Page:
Is Cognitive Impairment Associated with Reduced Syntactic Complexity in Writing? Evidence from Automated Text Analysis

Fredrik Sand Aronsson, Marco Kuhlmann, Vesna Jelić, and Per Östberg. Is Cognitive Impairment Associated with Reduced Syntactic Complexity in Writing? Evidence from Automated Text Analysis. Aphasiology, 2020.

Abstract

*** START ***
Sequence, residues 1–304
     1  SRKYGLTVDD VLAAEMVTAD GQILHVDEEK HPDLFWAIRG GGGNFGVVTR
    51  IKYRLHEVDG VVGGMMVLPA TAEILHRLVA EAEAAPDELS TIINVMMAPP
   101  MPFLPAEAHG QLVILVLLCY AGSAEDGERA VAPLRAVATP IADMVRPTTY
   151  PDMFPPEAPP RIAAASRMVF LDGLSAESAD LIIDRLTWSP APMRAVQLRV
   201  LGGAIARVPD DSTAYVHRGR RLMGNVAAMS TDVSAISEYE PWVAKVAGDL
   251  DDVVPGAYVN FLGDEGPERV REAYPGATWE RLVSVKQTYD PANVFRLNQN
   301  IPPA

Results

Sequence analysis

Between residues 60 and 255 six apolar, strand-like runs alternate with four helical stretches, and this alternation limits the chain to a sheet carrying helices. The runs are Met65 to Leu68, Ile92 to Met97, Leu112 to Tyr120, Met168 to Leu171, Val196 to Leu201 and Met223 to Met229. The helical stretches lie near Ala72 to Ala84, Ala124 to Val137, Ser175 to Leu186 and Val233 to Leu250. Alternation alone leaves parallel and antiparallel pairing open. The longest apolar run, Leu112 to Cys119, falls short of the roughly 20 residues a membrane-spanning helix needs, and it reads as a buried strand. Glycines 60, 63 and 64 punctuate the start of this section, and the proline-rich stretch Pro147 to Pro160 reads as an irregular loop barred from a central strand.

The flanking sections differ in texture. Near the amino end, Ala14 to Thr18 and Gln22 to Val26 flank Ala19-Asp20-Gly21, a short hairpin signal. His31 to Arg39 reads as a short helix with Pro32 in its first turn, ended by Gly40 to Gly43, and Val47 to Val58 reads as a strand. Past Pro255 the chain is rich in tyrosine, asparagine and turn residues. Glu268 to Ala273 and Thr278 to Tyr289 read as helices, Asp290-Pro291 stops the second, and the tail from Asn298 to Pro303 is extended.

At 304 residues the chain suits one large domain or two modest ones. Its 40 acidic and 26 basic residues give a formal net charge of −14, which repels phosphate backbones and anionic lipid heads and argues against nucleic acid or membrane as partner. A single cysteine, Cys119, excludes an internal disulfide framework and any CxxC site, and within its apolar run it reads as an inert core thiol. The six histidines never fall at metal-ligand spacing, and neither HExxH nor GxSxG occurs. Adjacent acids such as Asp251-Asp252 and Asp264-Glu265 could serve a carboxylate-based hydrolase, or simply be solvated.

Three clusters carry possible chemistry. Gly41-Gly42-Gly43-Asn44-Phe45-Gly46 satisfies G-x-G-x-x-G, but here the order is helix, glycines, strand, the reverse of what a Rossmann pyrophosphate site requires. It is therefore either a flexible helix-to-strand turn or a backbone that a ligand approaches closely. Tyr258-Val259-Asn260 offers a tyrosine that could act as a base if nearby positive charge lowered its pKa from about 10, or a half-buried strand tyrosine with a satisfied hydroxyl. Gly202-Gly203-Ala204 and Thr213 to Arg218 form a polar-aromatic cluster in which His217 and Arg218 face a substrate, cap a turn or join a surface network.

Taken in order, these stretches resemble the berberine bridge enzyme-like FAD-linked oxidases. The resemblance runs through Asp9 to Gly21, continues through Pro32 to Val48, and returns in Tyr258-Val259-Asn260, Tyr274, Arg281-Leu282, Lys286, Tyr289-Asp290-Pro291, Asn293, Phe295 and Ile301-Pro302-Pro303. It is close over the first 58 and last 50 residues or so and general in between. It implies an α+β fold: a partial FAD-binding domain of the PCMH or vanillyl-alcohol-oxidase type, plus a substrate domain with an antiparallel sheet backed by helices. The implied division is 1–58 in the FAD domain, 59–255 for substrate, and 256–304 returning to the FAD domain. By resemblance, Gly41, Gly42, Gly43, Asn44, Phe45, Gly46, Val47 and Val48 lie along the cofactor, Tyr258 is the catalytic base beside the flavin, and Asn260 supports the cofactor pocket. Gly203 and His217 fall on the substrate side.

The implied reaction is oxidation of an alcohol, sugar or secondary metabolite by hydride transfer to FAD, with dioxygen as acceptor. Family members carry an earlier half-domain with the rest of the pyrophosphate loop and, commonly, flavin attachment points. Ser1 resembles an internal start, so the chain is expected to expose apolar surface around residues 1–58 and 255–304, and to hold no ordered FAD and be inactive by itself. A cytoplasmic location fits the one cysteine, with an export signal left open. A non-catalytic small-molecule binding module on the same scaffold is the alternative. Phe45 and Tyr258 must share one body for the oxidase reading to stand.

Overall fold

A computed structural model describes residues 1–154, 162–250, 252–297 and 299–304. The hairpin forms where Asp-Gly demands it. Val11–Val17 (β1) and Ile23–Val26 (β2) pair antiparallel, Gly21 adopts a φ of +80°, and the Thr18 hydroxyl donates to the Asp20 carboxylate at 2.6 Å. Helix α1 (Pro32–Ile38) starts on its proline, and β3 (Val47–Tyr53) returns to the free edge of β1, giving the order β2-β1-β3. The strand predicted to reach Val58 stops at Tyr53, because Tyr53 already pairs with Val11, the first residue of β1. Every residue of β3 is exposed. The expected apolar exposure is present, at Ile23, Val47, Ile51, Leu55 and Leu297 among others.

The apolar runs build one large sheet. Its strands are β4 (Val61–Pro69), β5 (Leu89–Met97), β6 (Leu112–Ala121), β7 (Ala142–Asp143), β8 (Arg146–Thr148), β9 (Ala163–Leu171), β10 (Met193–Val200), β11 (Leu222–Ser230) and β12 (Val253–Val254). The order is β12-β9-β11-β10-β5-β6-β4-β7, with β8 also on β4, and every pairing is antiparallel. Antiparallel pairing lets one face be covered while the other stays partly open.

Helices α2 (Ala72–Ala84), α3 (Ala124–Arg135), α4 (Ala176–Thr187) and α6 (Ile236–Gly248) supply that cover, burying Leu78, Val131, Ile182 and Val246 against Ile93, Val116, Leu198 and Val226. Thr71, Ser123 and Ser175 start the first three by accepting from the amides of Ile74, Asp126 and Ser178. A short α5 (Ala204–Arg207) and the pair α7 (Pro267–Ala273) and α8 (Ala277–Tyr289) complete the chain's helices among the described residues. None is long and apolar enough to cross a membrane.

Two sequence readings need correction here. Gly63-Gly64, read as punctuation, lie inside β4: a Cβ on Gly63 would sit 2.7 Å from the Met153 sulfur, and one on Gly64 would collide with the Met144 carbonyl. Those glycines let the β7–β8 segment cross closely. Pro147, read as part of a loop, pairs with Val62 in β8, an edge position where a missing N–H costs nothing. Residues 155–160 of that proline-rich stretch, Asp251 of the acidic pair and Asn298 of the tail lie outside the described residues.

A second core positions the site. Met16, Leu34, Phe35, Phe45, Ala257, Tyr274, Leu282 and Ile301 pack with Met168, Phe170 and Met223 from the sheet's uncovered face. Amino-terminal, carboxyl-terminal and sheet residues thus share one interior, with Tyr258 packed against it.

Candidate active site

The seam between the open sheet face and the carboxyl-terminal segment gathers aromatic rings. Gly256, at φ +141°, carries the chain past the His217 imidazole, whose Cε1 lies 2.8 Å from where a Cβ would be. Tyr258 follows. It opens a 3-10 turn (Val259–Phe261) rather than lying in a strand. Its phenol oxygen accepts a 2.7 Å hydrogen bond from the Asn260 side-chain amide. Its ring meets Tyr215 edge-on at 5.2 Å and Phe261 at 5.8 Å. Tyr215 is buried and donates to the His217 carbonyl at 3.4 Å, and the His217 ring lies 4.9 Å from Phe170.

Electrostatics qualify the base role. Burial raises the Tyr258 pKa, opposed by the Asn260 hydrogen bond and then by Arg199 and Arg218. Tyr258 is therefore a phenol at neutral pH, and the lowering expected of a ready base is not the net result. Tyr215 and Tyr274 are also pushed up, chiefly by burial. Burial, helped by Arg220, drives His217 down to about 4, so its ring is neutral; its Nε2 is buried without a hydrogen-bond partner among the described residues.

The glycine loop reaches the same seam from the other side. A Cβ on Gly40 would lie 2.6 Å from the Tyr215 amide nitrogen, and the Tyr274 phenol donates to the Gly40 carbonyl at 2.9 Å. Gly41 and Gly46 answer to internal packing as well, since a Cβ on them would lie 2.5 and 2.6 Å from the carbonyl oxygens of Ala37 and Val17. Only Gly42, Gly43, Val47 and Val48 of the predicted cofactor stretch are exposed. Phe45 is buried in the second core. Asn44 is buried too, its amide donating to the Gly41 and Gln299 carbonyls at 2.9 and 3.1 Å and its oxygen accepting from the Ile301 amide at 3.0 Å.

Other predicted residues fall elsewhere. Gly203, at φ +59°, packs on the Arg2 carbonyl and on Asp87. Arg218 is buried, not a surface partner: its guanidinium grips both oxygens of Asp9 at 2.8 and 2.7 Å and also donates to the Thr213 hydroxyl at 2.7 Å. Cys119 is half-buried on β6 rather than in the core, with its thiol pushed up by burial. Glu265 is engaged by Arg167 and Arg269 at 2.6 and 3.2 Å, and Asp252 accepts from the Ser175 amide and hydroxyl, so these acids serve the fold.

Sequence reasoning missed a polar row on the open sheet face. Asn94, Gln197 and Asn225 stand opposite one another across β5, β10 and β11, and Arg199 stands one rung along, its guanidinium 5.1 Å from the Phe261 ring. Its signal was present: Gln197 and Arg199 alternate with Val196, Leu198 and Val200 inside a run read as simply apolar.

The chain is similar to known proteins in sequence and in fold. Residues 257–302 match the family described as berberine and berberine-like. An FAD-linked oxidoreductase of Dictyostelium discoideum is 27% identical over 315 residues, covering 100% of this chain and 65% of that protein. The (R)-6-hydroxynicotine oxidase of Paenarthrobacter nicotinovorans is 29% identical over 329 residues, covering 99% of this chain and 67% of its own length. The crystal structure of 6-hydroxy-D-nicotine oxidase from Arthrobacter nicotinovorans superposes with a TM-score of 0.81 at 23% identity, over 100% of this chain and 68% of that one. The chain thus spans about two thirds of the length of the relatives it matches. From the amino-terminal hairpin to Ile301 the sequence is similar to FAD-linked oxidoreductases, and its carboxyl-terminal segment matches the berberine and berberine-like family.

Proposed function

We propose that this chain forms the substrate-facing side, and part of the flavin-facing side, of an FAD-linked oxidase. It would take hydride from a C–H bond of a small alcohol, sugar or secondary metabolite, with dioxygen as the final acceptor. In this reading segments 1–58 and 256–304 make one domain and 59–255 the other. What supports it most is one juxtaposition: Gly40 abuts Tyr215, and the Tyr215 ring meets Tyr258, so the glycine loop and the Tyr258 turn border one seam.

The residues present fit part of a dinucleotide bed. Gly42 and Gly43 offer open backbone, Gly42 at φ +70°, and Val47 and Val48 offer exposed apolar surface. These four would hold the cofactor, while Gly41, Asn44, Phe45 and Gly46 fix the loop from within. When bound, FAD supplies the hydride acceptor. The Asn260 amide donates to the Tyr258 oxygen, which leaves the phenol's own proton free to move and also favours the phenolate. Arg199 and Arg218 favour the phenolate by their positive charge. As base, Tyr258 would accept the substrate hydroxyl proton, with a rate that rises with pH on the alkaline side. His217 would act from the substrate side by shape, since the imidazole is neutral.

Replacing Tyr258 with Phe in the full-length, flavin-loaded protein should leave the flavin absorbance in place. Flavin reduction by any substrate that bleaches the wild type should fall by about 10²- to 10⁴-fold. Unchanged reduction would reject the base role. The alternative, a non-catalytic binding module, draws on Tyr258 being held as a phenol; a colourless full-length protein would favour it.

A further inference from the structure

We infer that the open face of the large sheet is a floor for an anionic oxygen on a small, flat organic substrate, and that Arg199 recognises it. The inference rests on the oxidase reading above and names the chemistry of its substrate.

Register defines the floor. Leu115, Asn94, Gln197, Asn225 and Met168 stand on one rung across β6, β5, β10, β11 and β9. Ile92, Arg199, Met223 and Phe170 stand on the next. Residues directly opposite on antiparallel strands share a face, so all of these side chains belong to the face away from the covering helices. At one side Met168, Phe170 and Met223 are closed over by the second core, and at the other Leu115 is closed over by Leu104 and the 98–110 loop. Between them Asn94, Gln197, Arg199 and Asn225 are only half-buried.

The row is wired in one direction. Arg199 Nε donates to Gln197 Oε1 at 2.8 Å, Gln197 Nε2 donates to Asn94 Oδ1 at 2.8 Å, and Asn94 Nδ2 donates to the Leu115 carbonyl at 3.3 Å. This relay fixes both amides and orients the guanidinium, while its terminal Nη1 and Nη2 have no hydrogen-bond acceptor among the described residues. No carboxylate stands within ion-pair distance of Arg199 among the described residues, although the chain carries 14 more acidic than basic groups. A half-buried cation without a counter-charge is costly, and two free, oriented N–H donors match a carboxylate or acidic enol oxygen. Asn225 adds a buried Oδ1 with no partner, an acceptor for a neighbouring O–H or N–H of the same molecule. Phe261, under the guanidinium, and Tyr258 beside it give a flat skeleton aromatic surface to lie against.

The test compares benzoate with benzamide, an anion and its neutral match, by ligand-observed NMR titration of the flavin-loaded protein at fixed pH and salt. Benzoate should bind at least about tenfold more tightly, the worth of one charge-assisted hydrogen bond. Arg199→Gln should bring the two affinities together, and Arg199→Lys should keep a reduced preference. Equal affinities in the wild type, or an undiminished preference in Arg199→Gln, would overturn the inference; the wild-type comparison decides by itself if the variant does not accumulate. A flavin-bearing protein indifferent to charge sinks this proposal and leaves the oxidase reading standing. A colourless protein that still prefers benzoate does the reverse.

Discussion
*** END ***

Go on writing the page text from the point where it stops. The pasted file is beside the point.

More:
Written language impairments are common in Alzheimer's disease and reduced syntactic complexity in written discourse has been observed decades before the onset of dementia. The validity of average dependency distance (ADD), a measure of syntactic complexity, in cognitive decline needs to be studied further to evaluate its clinical relevance. The aim of the study was to determine whether ADD is associated with levels of cognitive impairment in memory clinic patients. We analyzed written texts collected in clinical practice from 114 participants with subjective cognitive impairment, mild cognitive impairment and Alzheimer's disease during routine assessment at a memory clinic. ADD was measured using automated analysis methods consisting of a syntactic 30 parser and a part-of-speech tagger and levels of cognitive impairment, using ordinal logistic regression models. Our results show a significant association between ADD. These results suggest that ADD is clinically relevant with regard to levels of cognitive impairment and indicate a diagnostic potential for ADD in cognitive assessment.

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